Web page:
Nebraska Attorney General Doug Peterson is pleased to announce that the U.S. Court of Appeals for the Second Circuit affirmed Apple Inc.’s liability for participating in a per se unlawful price-fixing conspiracy in the e-book marketplace. Last week, the Second Circuit affirmed the District Court’s ruling that Apple played a central role in facilitating and executing a conspiracy designed to eliminate retail price competition in order to raise e-book prices.
The e-book antitrust cases involved lawsuits brought by the U.S. Department of Justice, 33 states and territories, including the State of Nebraska, as well as a related class action. In this litigation, both the U.S. Department of Justice and the Plaintiff States filed their complaints against Apple in 2012 alleging an unlawful agreement to fix, maintain or stabilize prices of e-books in violation of federal and state antitrust laws. The trial against Apple, which was overseen by U.S. District Judge Denise L. Cote of the Southern District of New York, began on June 3, 2013. The trial lasted for three weeks, with closing arguments taking place on June 20, 2013. Judge Cote issued her opinion and order on July 10, 2013, finding Apple liable for knowingly participating in and facilitating a conspiracy with the publishers.
On June 30, 2015, the Second Circuit upheld the District Court’s decision on Apple’s liability in the price-fixing conspiracy. U.S. Circuit Judge Debra Ann Livingston wrote for the majority in a split three-judge panel: “We conclude that the district court’s decision that Apple orchestrated a horizontal conspiracy among the Publisher Defendants to raise e-book prices is amply supported and well-reasoned, and that the agreement unreasonably restrained trade in violation of § 1 of the Sherman Act. We also conclude that the district court’s injunction is lawful and consistent with preventing future anticompetitive harms.”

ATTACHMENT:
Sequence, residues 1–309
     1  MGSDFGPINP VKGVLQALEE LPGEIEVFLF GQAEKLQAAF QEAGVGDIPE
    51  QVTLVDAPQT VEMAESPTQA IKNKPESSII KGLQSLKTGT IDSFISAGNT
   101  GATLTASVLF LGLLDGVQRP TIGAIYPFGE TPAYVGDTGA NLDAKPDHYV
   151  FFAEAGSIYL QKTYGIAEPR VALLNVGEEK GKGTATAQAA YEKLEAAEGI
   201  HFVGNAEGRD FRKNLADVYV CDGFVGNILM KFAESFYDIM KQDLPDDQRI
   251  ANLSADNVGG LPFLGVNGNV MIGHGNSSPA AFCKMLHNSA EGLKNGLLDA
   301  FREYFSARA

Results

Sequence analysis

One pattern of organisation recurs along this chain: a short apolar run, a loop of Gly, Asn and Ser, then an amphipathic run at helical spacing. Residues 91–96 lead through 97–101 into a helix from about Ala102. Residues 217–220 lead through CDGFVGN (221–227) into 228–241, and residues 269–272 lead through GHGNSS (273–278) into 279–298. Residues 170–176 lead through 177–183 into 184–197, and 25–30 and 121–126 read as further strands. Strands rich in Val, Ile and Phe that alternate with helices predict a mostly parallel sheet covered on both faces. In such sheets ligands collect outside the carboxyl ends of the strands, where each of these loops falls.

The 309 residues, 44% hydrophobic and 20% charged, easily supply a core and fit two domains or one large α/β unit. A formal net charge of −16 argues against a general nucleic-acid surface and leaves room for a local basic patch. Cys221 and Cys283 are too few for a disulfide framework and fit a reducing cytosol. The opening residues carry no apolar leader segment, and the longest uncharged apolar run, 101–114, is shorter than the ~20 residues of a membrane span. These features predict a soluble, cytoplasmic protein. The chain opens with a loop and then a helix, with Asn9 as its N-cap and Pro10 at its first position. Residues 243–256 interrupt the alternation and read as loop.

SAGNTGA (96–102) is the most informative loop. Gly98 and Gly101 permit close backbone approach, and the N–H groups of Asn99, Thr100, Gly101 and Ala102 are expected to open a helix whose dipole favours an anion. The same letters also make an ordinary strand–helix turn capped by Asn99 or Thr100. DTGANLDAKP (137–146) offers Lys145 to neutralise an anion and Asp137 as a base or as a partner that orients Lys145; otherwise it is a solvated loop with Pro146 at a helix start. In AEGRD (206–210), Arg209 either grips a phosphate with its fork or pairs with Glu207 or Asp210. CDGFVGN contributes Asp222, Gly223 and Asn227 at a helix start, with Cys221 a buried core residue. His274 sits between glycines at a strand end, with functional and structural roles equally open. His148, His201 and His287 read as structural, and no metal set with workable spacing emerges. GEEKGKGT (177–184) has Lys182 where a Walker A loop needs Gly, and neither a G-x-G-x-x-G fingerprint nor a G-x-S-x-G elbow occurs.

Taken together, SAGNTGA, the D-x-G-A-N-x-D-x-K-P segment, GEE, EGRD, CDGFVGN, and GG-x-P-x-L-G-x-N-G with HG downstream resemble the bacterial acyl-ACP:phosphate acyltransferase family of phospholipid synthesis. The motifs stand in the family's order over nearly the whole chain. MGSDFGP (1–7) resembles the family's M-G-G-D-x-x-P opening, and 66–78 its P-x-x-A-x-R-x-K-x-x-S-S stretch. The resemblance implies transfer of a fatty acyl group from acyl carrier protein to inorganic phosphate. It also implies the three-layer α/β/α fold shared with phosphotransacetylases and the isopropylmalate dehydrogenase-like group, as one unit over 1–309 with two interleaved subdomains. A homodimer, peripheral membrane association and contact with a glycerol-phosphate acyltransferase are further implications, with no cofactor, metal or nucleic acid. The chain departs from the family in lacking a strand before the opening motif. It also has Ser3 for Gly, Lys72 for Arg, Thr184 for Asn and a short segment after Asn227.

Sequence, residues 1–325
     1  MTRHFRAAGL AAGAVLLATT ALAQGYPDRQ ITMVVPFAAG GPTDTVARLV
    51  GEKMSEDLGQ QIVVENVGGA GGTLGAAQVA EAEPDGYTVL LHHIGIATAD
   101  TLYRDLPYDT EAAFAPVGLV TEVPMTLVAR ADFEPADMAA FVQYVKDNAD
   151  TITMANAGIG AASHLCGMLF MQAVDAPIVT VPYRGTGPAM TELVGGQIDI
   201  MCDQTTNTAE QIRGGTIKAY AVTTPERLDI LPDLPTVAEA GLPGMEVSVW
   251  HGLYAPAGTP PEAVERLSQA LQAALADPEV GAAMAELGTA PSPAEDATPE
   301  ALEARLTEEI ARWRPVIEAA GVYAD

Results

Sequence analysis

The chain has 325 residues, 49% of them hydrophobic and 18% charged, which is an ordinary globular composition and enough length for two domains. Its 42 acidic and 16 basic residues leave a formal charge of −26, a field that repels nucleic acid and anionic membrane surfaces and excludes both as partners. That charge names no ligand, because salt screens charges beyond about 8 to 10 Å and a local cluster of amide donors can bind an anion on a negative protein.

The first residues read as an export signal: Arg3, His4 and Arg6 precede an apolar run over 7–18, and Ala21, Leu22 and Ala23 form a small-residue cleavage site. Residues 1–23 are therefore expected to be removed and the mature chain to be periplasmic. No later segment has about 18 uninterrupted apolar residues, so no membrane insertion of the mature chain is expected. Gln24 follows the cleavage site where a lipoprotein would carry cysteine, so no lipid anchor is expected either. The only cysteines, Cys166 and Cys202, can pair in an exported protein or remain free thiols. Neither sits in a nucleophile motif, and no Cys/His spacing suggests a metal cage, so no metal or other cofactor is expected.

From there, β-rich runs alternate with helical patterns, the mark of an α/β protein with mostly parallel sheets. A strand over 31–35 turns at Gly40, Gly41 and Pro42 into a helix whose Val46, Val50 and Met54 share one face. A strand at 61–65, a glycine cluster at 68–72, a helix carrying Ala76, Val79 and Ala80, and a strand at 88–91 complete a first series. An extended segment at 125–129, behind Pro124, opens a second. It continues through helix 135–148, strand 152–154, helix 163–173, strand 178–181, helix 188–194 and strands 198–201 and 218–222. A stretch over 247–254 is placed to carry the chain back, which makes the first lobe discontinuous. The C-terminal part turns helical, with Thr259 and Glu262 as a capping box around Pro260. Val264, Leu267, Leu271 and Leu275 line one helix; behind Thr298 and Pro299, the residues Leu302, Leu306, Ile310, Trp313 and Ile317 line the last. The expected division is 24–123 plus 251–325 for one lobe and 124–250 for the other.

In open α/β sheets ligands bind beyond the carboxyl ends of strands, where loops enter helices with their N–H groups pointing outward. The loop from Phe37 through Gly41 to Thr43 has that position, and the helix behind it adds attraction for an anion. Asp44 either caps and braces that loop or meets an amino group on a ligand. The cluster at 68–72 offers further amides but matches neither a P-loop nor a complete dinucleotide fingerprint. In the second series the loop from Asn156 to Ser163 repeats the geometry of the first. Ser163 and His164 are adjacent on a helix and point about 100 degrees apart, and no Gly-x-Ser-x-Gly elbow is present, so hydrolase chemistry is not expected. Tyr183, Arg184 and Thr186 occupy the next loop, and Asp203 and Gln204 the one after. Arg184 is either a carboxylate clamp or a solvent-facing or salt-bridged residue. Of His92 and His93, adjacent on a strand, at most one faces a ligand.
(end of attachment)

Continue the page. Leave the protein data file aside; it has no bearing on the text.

Apple has the right to seek further appeal to the U.S. Supreme Court, should it see fit to do so. Pursuant to a settlement agreement that the states reached with Apple last summer on the amount of damages, Apple is to pay $400 million in compensation to e-book consumers and $50 million in other relief if this ruling withstands any further efforts of appeal.
Any amount received by consumers pursuant to the settlement with Apple will be in addition to those amounts already recovered from several e-book publishers. E-book purchasers nationwide have already received compensation of $166 million in settlement funds paid by the five publishers involved in the conspiracy: Penguin Group (USA) Inc. (now part of Penguin Random House); Holtzbrinck Publishers LLC d/b/a Macmillan; Hachette Book Group Inc.; HarperCollins Publishers LLC; and Simon & Schuster Inc. Many e-book consumers received these funds through automatic credits sent by Amazon and other e-book retailers